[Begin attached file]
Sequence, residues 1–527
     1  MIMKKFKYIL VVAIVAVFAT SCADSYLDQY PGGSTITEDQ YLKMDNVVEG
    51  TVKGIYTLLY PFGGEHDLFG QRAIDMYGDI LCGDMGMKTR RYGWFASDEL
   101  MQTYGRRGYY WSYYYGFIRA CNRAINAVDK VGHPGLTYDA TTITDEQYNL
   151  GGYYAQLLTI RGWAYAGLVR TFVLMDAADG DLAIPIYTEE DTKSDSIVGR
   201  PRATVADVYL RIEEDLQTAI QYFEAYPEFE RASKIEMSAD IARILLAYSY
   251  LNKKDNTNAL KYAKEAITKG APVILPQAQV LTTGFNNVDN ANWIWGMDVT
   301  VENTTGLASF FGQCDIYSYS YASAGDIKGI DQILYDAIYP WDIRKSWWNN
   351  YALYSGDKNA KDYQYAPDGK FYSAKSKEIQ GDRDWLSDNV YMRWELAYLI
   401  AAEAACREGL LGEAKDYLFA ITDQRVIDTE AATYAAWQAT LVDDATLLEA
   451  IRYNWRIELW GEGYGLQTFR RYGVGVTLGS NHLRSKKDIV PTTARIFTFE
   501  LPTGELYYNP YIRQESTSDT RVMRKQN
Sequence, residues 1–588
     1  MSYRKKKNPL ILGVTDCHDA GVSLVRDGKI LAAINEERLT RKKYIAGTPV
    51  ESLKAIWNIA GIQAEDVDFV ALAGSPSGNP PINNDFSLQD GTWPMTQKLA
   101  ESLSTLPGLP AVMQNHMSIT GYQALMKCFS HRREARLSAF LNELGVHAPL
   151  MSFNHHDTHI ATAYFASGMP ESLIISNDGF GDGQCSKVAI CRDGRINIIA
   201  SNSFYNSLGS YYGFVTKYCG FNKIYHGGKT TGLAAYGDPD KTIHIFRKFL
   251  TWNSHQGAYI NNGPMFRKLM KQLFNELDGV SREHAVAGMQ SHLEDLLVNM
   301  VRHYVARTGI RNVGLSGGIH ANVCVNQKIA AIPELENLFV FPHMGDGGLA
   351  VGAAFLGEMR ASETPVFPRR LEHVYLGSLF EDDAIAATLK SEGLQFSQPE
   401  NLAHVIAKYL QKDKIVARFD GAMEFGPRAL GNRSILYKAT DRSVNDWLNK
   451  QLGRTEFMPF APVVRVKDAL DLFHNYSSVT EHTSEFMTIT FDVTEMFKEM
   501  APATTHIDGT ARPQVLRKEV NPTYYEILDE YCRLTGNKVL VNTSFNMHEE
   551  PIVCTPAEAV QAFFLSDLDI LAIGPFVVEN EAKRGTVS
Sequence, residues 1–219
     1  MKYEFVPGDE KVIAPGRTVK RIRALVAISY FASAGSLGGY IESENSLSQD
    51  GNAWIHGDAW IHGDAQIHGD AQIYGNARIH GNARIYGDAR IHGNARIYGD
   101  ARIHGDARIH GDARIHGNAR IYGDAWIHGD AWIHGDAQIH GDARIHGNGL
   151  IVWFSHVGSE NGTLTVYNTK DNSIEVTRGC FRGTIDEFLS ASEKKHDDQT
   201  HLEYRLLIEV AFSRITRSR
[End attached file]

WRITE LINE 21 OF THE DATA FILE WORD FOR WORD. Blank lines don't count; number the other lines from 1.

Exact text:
   351  VGAAFLGEMR ASETPVFPRR LEHVYLGSLF EDDAIAATLK SEGLQFSQPE